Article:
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The LVEDC Interview: In the Trenches With Don Cunningham

By LVEDC Staff on July 8, 2014

EDITOR’S NOTE: It’s been two years since Don Cunningham took the reins of LVEDC. To mark the anniversary, we ask the former Lehigh County Executive and Mayor of Bethlehem to take a short look back and a long look ahead.

When you took this job two years ago you said “the purpose of LVEDC is to create jobs, opportunity and to expand the tax base.” Have you been successful?
D Cunningham 9.2012
The Lehigh Valley is doing well. We remain the fastest growing area in Pennsylvania. Last year we had a record number of new development projects and ranked second in the nation for regions of our size. That is the result of a lot of factors and a lot of hard work by people in the economic development and real estate community for many, many years. Most importantly, it is the result of businesses wanting to be here and investing their money to come here, grow here or start here.

Year two of your administration saw the release of the Blueprint for Success: An Economic Development Strategy, better known as the Garner Report. The document identified four sectors that our region should “target” to recruit new businesses here. How do you propose to attract companies in those sectors to our region?

New business attraction is one important part of what we need to do in economic development for the region. It is such a broad and wide-open arena. We needed a strategy based on data and analysis. We are now refining that even further to target our marketing and recruitment. In the end, it’s a smart approach to a lot of hard work and relationship building. Like any sales effort, it’s multi-pronged. In our case the product is the assets of the Lehigh Valley. The strategy is to drive awareness of those assets with the decision-makers in those industries. The tactics are targeted advertising in trade publications, appearances at trade shows and industry events, targeted communications to key people, visits to companies, developing relationships with key consultants, brokers and company officials, and telling the Lehigh Valley story. It’s ongoing work in the trenches.

Why in your view is marketing the region so important to building the momentum required that helps recruit new companies here and help the companies here do better?

Well, it’s simple brand awareness. Economic development isn’t exactly like a supermarket shelf but think of it as such. You buy a product because you know it’s good but if you’ve never heard of it chances are you’re not going to grab it. Our first job is brand awareness. The Lehigh Valley is the beneficiary of a tremendous location with incredible assets to offer businesses and people. We live, however, in the shadows of much larger and better-known markets. You can’t choose an area you never heard of. Our job with a limited amount of resources is to at least get the key insiders and decision-makers to know of the Lehigh Valley. The awareness is building but we still have plenty of work to do.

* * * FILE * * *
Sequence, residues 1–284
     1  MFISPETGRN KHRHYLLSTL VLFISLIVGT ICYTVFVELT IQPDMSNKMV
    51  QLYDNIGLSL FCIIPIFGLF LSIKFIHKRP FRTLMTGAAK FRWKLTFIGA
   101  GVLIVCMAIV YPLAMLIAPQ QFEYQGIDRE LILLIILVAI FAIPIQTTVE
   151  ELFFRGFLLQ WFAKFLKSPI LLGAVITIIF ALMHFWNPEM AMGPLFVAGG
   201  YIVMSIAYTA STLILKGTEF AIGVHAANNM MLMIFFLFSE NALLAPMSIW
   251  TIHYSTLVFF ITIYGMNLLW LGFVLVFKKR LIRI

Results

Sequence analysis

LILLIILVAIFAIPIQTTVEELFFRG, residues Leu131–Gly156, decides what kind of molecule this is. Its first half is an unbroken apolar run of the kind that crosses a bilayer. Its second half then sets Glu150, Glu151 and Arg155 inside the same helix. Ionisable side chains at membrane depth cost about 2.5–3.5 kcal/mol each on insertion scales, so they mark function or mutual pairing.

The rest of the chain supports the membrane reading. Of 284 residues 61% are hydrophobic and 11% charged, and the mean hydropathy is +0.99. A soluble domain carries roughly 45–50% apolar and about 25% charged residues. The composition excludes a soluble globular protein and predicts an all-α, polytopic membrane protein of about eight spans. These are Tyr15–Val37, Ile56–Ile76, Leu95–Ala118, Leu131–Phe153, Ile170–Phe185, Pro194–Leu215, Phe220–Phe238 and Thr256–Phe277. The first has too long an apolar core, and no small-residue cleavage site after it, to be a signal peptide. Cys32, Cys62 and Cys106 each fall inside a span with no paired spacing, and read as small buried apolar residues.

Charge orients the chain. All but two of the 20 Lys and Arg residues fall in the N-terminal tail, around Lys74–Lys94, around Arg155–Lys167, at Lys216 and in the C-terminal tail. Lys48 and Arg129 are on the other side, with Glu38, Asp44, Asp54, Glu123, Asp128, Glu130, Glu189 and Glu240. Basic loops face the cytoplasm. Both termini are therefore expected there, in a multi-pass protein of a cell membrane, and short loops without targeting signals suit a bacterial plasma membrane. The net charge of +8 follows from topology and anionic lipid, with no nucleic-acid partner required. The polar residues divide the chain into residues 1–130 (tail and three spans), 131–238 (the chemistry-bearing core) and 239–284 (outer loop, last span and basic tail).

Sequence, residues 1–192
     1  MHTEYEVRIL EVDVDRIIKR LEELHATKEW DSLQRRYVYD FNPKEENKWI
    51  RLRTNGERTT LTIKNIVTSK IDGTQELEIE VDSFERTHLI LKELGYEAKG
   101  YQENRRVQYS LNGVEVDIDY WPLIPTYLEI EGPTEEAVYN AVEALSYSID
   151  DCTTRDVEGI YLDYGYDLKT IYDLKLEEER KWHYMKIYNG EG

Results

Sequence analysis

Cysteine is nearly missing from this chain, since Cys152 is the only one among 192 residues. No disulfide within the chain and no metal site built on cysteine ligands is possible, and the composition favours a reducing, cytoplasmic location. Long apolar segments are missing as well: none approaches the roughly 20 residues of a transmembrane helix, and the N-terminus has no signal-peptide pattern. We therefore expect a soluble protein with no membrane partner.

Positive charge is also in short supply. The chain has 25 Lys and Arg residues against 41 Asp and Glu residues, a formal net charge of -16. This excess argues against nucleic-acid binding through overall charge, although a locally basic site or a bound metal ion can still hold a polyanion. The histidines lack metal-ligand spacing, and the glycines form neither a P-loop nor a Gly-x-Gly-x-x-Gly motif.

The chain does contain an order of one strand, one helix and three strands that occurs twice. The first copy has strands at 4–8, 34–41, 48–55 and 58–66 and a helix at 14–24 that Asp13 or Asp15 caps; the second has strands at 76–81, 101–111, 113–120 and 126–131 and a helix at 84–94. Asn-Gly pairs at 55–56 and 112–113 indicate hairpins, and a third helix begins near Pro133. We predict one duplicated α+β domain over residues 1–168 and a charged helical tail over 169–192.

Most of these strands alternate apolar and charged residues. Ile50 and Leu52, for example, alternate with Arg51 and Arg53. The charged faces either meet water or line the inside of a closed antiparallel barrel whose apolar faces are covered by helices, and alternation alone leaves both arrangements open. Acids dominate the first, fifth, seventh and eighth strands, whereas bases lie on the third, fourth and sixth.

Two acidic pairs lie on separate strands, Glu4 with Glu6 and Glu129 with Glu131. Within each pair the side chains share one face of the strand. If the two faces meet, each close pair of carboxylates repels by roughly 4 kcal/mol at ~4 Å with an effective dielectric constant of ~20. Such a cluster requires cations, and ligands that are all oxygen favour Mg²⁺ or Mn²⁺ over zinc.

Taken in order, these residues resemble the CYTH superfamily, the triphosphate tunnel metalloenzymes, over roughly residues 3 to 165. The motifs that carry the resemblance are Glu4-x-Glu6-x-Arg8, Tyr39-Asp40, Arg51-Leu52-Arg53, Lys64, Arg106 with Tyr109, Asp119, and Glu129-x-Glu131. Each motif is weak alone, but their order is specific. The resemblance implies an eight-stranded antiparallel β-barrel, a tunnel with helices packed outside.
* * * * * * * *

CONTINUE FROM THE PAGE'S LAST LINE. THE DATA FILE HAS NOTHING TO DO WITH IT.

A major component of the future of LVEDC will be data management and information stockpiling. Explain why that’s important and how we can use that data to ultimately accomplish what you said you wanted to do: create jobs?

One of the things I regularly say to our staff is you must first know thyself. You can’t develop a strategy if you don’t understand where you are and where you are in comparison to your competition. We live in an age of big data. Knowledge may be power but, more importantly, lack of knowledge is failure. We need to know what businesses are here, what they make, what they do, where they sell. We need to understand what talent we have here, where we have skills gaps in the workforce, how we compare to other regions in a multitude of indicators. We also need to know why companies succeed here and what stands in their way. Having those answers are the key to being a truly helpful regional economic development organization that can help businesses succeed so they create jobs.

Later this month LVEDC is going to showcase the new business retention program, whose main efforts will be workforce development and supply-chain initiative. Why were those two efforts selected?

The business outreach and retention effort is a key part of understanding thyself. That initiative, which is a regional one in partnership with about 15 different economic development entities and governments, is critical. Seventy-five percent of job growth comes from companies growing here and starting here. We need to be in the trenches with them, visiting their shop floors and offices to understand them better, understand what they need, what makes them succeed and what stands in their way. And those answers need to be put in a database and analyzed for trends and opportunities.

The supply chain initiative could be one of our most powerful tools to create jobs here at home in the Lehigh Valley. If we can showcase businesses here to businesses here and increase the amount of goods and services Lehigh Valley companies buy from Lehigh Valley companies we will grow business and create jobs. Think of it as money recycling. The more Lehigh Valley dollars we recycle through the Lehigh Valley the greener we will be!

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